On June 27, 2023, the United States Supreme Court decided the case of Counterman v. Colorado. The principal issue that relates to New Jersey’s stalking statue (N.J.S.A. 2C:12-10) concerned what criminal mind state is required for a stalking conviction.
Justice Kagan wrote for the 5-justice majority in relevant part: From 2014 to 2016, petitioner Billy Counterman sent hundreds of Facebook messages to C. W., a local singer and musician. The two had never met, and C. W. did not respond. In fact, she tried repeatedly to block him, but each time, Counterman created a new Facebook account and resumed contacting C. W. Several of his messages envisaged violent harm befalling her. Counterman’s messages put C. W. in fear and upended her daily existence: C. W. stopped walking alone, declined social engagements, and canceled some of her performances. C. W. eventually contacted the authorities.
The State charged Counterman under a Colorado statute making it unlawful to “repeatedly . . . make any form of communication with another person” in “a manner that would cause a reasonable person to suffer serious emotional distress and does cause that person . . . to suffer serious emotional distress.” Colo. Rev. Stat. §18–3–602(1)(c). Counterman moved to dismiss the charge on First Amendment grounds, arguing that his messages were not “true threats” and therefore could not form the basis of a criminal prosecution. Following Colorado law, the trial court rejected that argument under an objective standard, finding that a reasonable person would consider the messages threatening. Counterman appealed, arguing that the First Amendment required the State to show not only that his statements were objectively threatening, but also that he was aware of their threatening character. The Colorado Court of Appeals disagreed and affirmed his conviction. The Colorado Supreme Court denied review.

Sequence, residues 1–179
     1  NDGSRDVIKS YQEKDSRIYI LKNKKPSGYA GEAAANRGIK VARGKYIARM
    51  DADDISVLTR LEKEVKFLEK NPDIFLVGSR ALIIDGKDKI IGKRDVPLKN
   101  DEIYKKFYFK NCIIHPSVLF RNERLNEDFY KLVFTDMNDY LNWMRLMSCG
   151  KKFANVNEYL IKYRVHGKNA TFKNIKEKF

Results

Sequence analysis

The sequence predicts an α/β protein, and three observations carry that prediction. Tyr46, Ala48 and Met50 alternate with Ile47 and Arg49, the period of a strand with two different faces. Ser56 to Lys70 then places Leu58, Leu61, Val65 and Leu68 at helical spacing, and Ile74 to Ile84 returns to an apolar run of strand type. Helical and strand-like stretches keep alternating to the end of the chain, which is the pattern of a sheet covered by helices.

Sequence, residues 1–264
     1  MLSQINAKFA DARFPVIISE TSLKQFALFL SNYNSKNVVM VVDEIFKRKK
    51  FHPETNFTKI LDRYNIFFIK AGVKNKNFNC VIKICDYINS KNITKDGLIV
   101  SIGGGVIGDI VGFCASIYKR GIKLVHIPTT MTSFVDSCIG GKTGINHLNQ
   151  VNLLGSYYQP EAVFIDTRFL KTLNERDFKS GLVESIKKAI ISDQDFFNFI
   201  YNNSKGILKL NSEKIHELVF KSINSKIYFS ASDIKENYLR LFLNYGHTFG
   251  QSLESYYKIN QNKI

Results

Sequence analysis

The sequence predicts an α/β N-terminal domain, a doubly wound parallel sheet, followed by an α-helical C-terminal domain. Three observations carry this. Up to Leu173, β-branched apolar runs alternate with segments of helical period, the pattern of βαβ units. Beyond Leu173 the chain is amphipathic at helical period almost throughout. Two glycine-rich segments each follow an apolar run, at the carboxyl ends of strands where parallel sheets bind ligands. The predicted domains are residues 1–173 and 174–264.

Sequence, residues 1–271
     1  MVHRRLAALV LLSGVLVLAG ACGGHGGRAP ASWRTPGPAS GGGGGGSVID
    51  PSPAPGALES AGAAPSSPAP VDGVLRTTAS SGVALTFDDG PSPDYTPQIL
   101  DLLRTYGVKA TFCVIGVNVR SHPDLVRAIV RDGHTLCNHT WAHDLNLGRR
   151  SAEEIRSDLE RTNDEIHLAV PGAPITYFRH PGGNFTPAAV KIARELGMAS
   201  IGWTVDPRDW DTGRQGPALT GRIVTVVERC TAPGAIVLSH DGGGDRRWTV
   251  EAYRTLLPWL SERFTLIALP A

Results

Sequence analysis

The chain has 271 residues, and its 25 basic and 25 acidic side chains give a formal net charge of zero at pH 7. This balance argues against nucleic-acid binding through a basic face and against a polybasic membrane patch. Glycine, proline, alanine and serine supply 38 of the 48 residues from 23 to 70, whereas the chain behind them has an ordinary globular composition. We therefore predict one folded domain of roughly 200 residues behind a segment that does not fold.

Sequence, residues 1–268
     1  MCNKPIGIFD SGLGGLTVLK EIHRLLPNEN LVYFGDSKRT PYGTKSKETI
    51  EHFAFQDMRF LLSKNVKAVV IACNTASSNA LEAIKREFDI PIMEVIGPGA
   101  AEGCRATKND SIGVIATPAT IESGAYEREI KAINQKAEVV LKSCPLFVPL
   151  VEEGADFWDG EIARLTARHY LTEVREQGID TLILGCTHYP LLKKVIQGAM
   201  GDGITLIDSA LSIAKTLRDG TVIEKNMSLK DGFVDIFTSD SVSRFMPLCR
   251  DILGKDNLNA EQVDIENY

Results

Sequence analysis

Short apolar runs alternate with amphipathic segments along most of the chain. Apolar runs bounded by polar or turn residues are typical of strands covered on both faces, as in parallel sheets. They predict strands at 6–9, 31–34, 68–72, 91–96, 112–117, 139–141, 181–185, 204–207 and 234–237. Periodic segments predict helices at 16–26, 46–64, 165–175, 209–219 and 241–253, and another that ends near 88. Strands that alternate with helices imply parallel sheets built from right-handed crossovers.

Before this case, New Jersey Courts interpreted our stalking statute the same way. The old interpretation made it easier to prove a case for indictable stalking then for a less serious, non-indictable harassment charge. This was because our courts did not require proof of a defendant’s subjective criminal intent.